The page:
[Cross-Post] Follow The Money: Why You Can’t Trust the EWG’s Ethically-Challenged Sunscreen Guide
Ed’s Note: Today’s cross-post was written by Jenny Splitter at Grounded Parents. If you want to leave a comment, click through the link at the bottom to go to the full post.
It’s hard to find a more successful and widely accepted fear-mongering campaign than the Environmental Working Group’s annual Sunscreen Guide. Every year, the EWG “shames” sunscreens made with scary-sounding ingredients like oxybenzone and retinyl palmitate, and the public accepts their word for it.
The EWG’s scare tactics aren’t just erroneous. They’re also unethical. They sell their recommended sunscreens on their website — earning a profit on every sale.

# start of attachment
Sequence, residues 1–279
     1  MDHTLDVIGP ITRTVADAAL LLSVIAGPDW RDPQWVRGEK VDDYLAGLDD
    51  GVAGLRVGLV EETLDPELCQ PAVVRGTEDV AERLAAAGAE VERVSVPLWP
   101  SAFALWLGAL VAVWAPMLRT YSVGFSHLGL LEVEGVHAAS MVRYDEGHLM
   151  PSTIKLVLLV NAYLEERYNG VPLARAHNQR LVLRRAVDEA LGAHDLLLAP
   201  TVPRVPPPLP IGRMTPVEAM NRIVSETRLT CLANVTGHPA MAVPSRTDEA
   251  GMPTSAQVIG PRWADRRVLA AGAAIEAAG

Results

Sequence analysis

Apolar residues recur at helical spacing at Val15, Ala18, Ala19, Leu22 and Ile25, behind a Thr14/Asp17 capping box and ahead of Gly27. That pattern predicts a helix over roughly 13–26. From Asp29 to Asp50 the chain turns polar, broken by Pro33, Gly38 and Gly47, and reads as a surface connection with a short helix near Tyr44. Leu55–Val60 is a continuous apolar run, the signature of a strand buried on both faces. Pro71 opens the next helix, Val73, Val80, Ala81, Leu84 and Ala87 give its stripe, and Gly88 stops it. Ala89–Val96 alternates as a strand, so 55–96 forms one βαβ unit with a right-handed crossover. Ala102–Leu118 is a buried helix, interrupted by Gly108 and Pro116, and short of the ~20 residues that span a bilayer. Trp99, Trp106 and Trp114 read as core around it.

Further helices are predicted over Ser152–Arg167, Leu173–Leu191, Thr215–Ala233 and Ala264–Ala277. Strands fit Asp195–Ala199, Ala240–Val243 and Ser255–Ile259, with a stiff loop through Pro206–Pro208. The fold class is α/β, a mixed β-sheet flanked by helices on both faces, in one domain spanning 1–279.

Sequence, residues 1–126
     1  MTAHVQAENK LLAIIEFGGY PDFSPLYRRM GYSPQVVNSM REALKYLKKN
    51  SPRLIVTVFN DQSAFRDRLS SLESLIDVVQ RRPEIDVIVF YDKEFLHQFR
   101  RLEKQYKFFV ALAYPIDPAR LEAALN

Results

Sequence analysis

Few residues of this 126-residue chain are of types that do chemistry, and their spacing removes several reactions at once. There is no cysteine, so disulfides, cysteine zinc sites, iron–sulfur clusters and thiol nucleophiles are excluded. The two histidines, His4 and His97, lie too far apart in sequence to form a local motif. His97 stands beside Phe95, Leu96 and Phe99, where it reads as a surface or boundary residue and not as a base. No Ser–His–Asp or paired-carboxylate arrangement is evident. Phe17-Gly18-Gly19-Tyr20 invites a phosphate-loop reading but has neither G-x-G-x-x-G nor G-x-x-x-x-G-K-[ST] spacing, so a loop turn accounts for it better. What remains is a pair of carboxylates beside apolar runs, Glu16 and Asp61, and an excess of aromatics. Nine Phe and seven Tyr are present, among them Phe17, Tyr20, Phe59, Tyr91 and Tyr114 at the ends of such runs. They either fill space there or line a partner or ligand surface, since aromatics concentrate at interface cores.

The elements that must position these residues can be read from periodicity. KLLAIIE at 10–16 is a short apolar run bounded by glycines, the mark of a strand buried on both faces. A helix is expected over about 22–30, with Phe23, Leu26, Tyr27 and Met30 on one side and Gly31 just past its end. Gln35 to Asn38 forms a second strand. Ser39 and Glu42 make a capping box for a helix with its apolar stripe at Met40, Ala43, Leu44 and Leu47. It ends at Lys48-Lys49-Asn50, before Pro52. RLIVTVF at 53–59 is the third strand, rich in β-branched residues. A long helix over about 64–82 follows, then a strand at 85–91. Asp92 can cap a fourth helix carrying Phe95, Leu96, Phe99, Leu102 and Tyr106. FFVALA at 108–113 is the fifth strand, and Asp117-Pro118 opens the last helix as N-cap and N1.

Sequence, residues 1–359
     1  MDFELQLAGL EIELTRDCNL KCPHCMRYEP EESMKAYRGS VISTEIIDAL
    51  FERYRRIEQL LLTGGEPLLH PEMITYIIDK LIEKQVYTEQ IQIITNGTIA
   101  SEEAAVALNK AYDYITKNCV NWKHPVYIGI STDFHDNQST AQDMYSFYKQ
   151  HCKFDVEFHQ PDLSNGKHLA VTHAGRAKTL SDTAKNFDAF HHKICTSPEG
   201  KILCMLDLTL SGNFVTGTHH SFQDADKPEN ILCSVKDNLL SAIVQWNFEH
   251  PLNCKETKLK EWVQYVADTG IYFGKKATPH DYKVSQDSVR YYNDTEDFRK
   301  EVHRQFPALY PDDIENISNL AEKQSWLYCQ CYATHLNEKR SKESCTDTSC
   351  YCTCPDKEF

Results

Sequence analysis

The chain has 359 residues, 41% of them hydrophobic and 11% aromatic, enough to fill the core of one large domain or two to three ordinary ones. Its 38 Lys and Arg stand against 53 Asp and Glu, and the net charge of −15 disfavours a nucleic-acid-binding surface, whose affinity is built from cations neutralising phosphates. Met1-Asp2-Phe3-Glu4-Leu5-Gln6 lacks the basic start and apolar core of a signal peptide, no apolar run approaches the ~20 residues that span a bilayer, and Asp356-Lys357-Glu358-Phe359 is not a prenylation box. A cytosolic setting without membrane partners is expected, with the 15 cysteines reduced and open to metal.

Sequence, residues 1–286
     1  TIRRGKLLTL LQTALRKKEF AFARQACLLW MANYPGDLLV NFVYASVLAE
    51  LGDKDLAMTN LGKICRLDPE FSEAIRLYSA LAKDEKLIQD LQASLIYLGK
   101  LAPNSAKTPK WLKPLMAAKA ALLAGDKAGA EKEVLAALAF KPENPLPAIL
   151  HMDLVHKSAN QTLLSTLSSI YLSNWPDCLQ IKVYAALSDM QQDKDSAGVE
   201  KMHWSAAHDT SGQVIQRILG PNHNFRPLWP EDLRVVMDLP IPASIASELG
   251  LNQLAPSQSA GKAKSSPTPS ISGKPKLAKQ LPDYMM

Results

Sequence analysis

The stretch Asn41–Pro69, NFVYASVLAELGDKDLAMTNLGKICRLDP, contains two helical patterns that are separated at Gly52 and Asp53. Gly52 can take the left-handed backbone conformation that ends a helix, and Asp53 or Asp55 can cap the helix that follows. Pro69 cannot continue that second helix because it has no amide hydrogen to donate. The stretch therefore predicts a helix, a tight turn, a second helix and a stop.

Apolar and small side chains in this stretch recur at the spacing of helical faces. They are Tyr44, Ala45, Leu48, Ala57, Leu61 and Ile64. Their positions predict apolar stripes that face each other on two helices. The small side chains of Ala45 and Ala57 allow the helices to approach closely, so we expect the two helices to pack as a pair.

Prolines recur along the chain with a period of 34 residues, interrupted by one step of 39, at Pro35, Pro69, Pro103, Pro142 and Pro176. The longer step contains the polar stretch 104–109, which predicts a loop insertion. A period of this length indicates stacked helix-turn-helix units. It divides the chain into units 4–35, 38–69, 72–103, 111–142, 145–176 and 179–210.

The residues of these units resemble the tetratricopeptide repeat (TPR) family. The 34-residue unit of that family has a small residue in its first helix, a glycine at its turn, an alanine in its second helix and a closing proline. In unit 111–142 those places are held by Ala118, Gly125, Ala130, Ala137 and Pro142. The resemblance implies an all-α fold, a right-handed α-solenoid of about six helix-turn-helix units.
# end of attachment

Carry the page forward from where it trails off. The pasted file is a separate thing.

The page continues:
You might be more familiar with the EWG’s Dirty Dozen, a list of fruits and vegetables the EWG says you should never buy in conventional form lest you drown in insignificant levels of pesticide residue. The EWG isn’t just an organization that promotes organic food. They also helped form pro-organic lobbyist group Organic Voices and the Just Label It campaign with organic companies like Stonyfield and Organic Valley. Organic Valley’s counsel is also an EWG board member. In other words, conflicts of interest are kind of their sweet spot.
There is no reason you should buy the organic version of the “dirty dozen,” just like there’s no reason you should choose overpriced “natural” sunscreens over less expensive drugstore brands. The EWG’s dire warnings about oxybenzone and retinyl palmitate in sunscreen aren’t supported by scientific evidence. They’re just plain wrong.